You arrived at Walsall during a time which was pretty much a dream roller coaster for Walsall fans, the 1998/9 in particular was the most unexpected season I think we will ever experience. When you joined you were eased into action with reserve games and substitute appearances. Was you happy with how you were introduced into the English game?
I arrived at a time when the team had been doing very well and many said the team was overachieving. I therefore did not expect to play so much for my first season. To play in the English game is a learning curve and I was satisfied playing reserve games and getting substitute appearances with the first team, even in important matches while I adjusted to the tempo and tactics of the first team. I managed to score a few important goals for the first team in this first year as well as a bunch of goals for the reserve team and I had signed my first professional contract so I was really pleased after my first year. I thought I was improving as a player.
For me when I remember you in a Walsall shirt, my first memory is of course the game against Oldham in which thanks to your goal helped us get the win in which we secured automatic promotion behind big-spending title winners, Fulham, leaving Manchester City behind us to battle their way through the Play-Offs. What are your memories of that season, the players you played alongside, the manager Ray Graydon, that great game at home to Oldham and the celebrations after?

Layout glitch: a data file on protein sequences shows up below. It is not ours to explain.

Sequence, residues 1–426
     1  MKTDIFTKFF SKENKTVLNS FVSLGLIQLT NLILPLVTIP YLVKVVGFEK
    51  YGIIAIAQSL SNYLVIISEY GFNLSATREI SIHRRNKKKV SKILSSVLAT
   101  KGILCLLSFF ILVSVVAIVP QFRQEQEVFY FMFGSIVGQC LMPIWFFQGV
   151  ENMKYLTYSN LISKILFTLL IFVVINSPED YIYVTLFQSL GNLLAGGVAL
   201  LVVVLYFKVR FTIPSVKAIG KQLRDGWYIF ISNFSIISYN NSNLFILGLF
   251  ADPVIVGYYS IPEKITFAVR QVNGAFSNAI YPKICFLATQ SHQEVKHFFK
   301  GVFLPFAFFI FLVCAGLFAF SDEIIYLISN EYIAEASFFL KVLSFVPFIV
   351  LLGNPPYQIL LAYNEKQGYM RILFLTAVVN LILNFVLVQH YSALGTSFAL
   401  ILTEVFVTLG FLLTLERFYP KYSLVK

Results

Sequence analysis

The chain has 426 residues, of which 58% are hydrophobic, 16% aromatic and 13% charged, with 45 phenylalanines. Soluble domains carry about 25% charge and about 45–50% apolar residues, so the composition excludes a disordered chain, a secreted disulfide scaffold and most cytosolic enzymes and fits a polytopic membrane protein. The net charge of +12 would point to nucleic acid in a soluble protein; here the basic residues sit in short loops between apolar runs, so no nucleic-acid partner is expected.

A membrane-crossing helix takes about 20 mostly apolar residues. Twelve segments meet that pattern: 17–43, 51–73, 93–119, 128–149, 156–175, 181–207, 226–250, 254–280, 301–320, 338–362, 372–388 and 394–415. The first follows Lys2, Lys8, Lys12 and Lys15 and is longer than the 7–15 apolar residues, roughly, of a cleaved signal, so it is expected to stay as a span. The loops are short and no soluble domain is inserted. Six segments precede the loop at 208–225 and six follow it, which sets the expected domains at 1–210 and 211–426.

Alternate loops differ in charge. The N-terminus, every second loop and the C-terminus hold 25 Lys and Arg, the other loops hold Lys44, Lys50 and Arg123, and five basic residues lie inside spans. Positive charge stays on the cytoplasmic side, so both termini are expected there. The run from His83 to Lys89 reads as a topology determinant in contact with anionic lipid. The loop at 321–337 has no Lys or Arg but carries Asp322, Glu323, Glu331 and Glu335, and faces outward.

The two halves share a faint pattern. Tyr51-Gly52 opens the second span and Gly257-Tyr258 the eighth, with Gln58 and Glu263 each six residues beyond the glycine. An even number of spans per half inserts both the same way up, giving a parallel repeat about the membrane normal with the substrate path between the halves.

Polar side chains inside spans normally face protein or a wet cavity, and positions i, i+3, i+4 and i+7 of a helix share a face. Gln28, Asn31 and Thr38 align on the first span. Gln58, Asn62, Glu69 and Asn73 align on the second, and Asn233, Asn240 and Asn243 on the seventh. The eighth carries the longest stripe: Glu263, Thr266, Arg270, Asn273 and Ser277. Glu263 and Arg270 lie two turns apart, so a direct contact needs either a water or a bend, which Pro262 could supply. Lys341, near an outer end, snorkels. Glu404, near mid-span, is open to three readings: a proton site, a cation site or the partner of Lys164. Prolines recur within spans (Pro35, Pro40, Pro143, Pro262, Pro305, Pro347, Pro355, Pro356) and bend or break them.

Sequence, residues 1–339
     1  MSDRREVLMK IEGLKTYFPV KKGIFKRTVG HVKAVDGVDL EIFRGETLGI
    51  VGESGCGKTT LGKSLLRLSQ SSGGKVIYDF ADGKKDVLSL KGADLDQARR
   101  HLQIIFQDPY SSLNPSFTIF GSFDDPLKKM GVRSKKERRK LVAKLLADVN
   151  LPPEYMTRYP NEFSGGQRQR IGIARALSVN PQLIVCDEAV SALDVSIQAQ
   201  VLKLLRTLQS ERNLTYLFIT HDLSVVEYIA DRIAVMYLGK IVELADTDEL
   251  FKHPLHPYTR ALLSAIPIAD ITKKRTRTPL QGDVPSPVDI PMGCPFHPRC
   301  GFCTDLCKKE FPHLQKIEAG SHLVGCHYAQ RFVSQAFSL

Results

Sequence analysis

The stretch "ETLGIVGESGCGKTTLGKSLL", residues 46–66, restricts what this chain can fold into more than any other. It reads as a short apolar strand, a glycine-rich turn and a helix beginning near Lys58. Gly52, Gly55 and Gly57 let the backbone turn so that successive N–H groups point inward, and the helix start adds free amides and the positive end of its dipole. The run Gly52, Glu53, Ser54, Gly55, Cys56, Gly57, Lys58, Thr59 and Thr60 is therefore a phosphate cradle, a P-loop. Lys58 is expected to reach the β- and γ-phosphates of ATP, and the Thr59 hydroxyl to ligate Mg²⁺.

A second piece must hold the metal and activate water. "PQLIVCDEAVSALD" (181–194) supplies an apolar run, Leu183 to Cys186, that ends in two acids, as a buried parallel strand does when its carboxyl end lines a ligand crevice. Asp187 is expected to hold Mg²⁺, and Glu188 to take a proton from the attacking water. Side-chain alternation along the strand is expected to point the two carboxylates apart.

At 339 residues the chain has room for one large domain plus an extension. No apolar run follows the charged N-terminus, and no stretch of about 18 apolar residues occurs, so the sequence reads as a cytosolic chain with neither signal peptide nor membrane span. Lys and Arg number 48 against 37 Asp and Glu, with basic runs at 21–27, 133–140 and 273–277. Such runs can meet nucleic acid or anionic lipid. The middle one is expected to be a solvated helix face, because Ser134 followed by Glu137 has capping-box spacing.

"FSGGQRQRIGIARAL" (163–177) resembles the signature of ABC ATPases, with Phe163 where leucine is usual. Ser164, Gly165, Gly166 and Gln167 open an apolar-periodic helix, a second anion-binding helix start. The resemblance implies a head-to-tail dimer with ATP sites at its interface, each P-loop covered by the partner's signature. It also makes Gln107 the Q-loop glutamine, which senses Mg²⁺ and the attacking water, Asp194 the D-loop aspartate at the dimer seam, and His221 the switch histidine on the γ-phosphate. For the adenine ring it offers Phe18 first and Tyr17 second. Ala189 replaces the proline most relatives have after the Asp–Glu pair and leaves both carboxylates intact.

I only have good memories from that remarkable season. To achieve automatic promotion was a fantastic achievement. Ray Graydon was a great football coach and did very well to get the team organised. He taught me a lot even though I do not agree with everything he did. I was surprised to find that at a professional club like Walsall they were far behind Icelandic clubs in things like nutrition, physiotherapy, sport science etc. After matches we got fish and chips to eat, that was not very professional. If players got injured they had to go and find help elsewhere or receive treatment from the kit man. Having said that, the club operated on a very low budget and did extremely well with the resources they had. I also thought Walsall brought in way too many trialists.